Mentions: Conventionally COX-2 has been a target in various inflammatory disorders. However, the failure of NSAIDs and selective enzyme inhibitors reveal the importance of COX-2 not only in various physiological activities but also in tissue repair following neuronal injury. The COX enzymes maintain a delicate balance of tissue scavenging and tissue repair during neuroinflammation. An imbalance could lead to excessive PGE2 activity leading to increased tissue damage or chronic inflammation. All cells within the vertebrate system upon damage (hit one) release large amounts of ATP (hit two) into the extracellular space. The effect of released ATP depends on the nature of two downstream factors—(1) the type of receptors present on cells within the vicinity of the injury; and (2) the distribution and activity of hydrolyzing ectonucleotidases. In large quantities, ATP potentiates the inflammatory reaction while other nucleotides have various modulatory roles in shaping the outcome of inflammation (summarized in Figure 2). PBAIDs aim to reduce the effect of second hit by targeting P2 receptors responsible for inflammation-enhancement rather than the COX enzymes mediating PGE2 synthesis. By not interfering with the COX system PBAIDs, unlike NSAIDs, retain the housekeeping functions of PGE2, but vastly reduce the pathology through P2 receptor inhibition. Identifying the target P2 receptor, and designing a selective PBAID, remains a challenge for future therapeutic successes in neuroinflammation. Surface expression of P2 receptors under certain pathological conditions may depend on epigenetic stimuli. Silenced P2 receptors which were once active during neural development could be reprogrammed in the event of tissue injury. A global study of P2 receptor density and mutations that affect their binding to specific nucleotides, may identify newer insights into the susceptibility of neurodegenerative disorders to specific populations. Furthermore, it is essential to understand the activity of various ectonucleotidases since the steady-state levels of various nucleotides have contrasting outcome in neuroinflammation. Therapeutically increasing the activity of specific ectonucleotidases following excessive ATP release is another approach to counter neuroinflammation. Finally, the two-hit hypothesis can also be extended to various other inflammatory disorders such as arthritis, toxin exposures including nerve gas poisoning, in the inflammatory model of cancer, and in psychological stress and depression. More studies in these areas will provide new roles for PBAIDs as effective anti-inflammatory drugs.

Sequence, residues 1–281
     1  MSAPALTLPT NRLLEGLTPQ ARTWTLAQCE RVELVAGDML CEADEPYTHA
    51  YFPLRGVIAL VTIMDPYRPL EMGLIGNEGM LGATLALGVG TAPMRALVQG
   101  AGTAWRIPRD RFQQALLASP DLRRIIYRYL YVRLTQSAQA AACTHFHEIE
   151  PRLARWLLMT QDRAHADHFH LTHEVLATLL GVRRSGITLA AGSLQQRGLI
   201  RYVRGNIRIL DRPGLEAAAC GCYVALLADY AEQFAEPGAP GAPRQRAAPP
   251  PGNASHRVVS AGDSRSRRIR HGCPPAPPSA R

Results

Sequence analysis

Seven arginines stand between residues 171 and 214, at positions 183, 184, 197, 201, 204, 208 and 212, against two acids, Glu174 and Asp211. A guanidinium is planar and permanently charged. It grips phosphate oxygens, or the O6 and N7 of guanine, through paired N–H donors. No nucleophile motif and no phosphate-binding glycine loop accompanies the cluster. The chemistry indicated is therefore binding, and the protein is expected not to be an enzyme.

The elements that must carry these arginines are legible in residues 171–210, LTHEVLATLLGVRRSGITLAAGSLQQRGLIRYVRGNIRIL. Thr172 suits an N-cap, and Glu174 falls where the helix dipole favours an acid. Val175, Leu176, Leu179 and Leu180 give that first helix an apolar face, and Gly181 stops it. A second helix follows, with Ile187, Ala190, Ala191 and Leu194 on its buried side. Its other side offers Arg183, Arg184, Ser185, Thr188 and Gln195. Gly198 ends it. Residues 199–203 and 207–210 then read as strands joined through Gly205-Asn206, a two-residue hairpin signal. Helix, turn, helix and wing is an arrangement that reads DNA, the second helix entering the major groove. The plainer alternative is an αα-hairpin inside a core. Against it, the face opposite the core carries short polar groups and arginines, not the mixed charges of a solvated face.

The two-hit hypothesis for neuroinflammation: role of exogenous ATP in modulating inflammation in the brain.